By KATHLEEN NELSON
Catholic Health Initiatives is expanding and patenting a model of nursing care designed to increase individualized attention for patients by dividing, conquering and virtualizing.
CHI recently received a $1.45 million grant from the Department of Health and Human Services to expand its Virtually Integrated Care Team. Launched at CHI Health St. Elizabeth in Lincoln, Neb., the pilot program uses virtual technology and redefines nursing roles in acute care. CHI will use the grant to expand the model to more beds in adult inpatient units at St. Elizabeth and to CHI Health Good Samaritan in Kearney, Neb., in 2016. The pilot team will gather data for the next three years, comparing patient outcomes and satisfaction scores to the care received in units with traditional set-ups. CHI has applied for a patent on its concept of "Virtually Integrated Care."
The new model emerged from discussions headed by Kathleen Sanford, CHI's senior vice president and chief nursing officer, whose team looked at ways to improve patient satisfaction de-spite a projected shortage of nurses. The team focused on the need for nurses to respond more quickly and completely to patients. Tending to the needs of several patients simultaneously leads to interruptions, about one every five minutes, according to Sanford, a situation which can frustrate patients and nurses alike.
"We pretty much have done things the same way with tiny tinkering but were expecting big results," she said. "So, we said, 'Let's look at developing the team differently and dividing the work and figure out if technology can help.'"
Sanford said the group decided to jettison the traditional nurse staffing and duty model, in favor of an approach that incorporates virtual technology, "not because we're in love with technology, but to make technology work for people and make the patient experience better."
Melissa Oates, left, a registered nurse, and Jess Rowell, a virtual nurse on screen, consult with a patient in a pilot program at CHI Health St. Elizabeth in Lincoln, Neb., called the Virtually Integrated Care Team.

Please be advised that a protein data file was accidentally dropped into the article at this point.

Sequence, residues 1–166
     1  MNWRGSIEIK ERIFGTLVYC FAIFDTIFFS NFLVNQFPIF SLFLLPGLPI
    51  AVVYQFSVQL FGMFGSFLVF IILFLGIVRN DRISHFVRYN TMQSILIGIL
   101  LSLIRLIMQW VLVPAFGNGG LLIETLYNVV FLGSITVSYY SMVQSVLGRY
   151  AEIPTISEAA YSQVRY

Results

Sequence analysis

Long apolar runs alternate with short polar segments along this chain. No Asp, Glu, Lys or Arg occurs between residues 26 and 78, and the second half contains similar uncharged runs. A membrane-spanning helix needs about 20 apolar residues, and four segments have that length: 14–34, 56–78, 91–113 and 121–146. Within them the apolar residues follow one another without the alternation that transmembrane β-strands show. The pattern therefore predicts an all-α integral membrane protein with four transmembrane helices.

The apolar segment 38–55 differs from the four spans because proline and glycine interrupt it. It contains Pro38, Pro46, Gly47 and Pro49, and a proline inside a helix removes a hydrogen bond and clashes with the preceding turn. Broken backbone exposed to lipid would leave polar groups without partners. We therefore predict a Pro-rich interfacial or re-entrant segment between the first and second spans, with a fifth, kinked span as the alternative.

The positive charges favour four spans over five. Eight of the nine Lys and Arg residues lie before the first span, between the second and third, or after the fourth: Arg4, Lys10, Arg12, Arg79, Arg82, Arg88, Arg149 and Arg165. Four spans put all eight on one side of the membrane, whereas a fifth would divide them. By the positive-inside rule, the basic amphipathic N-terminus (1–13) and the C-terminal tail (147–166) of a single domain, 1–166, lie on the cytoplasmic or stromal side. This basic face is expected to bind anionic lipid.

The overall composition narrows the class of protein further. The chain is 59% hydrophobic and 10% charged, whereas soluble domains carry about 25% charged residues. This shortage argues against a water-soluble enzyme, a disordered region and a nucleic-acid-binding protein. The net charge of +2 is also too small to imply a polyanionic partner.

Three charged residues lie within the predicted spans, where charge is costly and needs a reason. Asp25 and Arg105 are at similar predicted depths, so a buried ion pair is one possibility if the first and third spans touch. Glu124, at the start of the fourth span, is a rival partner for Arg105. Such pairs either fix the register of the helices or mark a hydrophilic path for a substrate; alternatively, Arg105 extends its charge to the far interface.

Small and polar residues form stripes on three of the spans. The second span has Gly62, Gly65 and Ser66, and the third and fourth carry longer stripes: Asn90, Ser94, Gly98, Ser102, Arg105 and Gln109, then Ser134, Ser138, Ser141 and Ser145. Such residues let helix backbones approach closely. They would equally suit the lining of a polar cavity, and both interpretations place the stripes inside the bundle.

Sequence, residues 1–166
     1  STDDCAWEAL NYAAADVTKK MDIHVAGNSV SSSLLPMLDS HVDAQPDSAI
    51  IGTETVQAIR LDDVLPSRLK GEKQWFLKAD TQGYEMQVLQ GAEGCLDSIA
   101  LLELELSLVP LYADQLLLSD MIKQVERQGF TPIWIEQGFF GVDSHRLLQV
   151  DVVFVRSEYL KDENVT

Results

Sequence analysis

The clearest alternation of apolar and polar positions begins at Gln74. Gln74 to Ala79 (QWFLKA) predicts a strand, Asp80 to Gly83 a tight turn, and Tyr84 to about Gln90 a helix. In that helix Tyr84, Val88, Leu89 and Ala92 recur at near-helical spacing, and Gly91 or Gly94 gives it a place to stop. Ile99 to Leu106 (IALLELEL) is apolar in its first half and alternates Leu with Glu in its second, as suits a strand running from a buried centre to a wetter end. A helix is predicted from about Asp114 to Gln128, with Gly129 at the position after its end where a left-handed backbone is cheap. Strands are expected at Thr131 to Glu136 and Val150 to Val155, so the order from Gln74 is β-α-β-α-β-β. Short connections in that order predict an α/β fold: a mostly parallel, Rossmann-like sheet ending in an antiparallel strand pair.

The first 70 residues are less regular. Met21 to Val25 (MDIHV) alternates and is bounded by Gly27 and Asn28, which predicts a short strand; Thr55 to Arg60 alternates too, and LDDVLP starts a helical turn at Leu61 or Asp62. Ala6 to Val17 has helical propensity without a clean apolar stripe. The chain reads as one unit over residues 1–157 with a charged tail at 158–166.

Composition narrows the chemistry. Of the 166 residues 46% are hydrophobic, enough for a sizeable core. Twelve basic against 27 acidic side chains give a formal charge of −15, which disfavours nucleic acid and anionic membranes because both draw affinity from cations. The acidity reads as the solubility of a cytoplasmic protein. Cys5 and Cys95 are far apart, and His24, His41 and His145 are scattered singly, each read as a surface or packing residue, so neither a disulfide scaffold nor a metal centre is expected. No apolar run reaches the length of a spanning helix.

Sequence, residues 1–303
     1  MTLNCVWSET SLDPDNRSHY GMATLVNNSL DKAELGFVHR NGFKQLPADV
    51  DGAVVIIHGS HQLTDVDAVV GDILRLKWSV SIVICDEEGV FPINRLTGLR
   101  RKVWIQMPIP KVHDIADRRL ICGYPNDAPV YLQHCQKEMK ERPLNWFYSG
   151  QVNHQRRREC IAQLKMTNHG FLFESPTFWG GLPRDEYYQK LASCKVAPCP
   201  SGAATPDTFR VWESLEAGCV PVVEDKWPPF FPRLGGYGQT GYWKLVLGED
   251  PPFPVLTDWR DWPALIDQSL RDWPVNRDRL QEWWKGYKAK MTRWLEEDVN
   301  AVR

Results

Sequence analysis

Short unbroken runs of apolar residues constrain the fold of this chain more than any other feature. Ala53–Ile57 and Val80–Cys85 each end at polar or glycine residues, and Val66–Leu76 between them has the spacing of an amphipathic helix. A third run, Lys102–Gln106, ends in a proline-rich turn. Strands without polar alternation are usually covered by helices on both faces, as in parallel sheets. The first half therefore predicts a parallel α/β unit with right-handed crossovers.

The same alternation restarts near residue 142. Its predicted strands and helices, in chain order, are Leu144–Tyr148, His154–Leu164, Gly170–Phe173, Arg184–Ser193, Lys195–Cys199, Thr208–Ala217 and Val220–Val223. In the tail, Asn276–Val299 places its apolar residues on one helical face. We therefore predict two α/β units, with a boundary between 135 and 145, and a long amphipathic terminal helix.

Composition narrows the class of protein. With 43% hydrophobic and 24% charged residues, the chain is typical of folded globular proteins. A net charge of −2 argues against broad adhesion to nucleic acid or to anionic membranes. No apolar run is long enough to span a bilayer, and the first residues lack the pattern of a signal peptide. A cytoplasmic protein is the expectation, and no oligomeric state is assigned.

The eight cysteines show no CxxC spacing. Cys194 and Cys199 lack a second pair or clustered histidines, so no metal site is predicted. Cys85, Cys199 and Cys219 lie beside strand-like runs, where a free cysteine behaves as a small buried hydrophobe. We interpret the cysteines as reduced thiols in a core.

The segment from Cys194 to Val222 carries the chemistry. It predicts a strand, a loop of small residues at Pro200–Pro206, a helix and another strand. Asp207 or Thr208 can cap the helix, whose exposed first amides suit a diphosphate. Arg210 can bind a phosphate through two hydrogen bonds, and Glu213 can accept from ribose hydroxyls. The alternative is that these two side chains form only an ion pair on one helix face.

The model includes a team headed by a virtual nurse leader who works off the floor, away from the duties and potential distractions of a unit. The nurse leader, who holds a master's degree in nursing, coordinates and manages patient care. The nurse leader also connects directly with the patient, and vice versa, by using a two-way camera. He or she appears on a screen in the patient's room and is available to answer patient's questions or to virtually join and consult with the doctor on rounds.
A virtual nurse monitors up to 12 patients at a time and acts as a resource to all members of the care team. Among the virtual nurse's duties: helping with discharge planning, notifying physicians of labs and tests results, monitoring the diagnostics and vital signs, and using this information as well as the patient condition to mentor and coach the floor nurses.
Working with the virtual nurse are technicians, responsible for administering IVs and drawing blood, for example; and floor nurses, responsible for the patient's comfort, safety, well-being and administering medications.
Developers of the model say the division of tasks is more clear-cut than in traditional setups. Sue Schuelke, virtual nurse project coordinator at St. Elizabeth's, said of the new model, "Nurses are interrupted less and can focus on the patient instead of having to do the behind-the-scenes computer work that the virtual nurse can do."
Schuelke offered this example: A patient hits a call button, which activates the camera in his room and alerts the virtual nurse, who calls up the patient's electronic medical record and can answer questions or call staff on the floor, as necessary.